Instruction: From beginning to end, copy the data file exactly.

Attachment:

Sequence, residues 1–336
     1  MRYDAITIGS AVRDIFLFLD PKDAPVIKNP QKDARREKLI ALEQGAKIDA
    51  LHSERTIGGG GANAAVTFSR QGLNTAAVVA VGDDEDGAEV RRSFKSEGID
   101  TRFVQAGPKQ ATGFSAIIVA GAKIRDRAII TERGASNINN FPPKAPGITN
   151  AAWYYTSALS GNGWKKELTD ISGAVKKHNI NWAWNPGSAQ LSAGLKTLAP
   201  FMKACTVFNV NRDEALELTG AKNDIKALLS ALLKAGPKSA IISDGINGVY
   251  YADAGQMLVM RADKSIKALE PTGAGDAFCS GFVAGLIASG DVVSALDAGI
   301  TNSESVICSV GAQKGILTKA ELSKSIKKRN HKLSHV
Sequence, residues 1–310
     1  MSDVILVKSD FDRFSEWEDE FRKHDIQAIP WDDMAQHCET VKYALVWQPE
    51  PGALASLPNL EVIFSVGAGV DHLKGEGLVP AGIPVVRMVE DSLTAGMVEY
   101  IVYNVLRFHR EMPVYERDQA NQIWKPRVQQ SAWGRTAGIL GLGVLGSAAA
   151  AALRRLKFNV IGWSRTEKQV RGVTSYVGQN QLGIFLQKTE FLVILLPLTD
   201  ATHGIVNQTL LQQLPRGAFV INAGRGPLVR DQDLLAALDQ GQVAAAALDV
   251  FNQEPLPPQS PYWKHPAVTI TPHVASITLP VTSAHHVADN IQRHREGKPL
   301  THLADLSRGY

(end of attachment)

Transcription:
Sequence, residues 1–336
     1  MRYDAITIGS AVRDIFLFLD PKDAPVIKNP QKDARREKLI ALEQGAKIDA
    51  LHSERTIGGG GANAAVTFSR QGLNTAAVVA VGDDEDGAEV RRSFKSEGID
   101  TRFVQAGPKQ ATGFSAIIVA GAKIRDRAII TERGASNINN FPPKAPGITN
   151  AAWYYTSALS GNGWKKELTD ISGAVKKHNI NWAWNPGSAQ LSAGLKTLAP
   201  FMKACTVFNV NRDEALELTG AKNDIKALLS ALLKAGPKSA IISDGINGVY
   251  YADAGQMLVM RADKSIKALE PTGAGDAFCS GFVAGLIASG DVVSALDAGI
   301  TNSESVICSV GAQKGILTKA ELSKSIKKRN HKLSHV
Sequence, residues 1–310
     1  MSDVILVKSD FDRFSEWEDE FRKHDIQAIP WDDMAQHCET VKYALVWQPE
    51  PGALASLPNL EVIFSVGAGV DHLKGEGLVP AGIPVVRMVE DSLTAGMVEY
   101  IVYNVLRFHR EMPVYERDQA NQIWKPRVQQ SAWGRTAGIL GLGVLGSAAA
   151  AALRRLKFNV IGWSRTEKQV RGVTSYVGQN QLGIFLQKTE FLVILLPLTD
   201  ATHGIVNQTL LQQLPRGAFV INAGRGPLVR DQDLLAALDQ GQVAAAALDV
   251  FNQEPLPPQS PYWKHPAVTI TPHVASITLP VTSAHHVADN IQRHREGKPL
   301  THLADLSRGY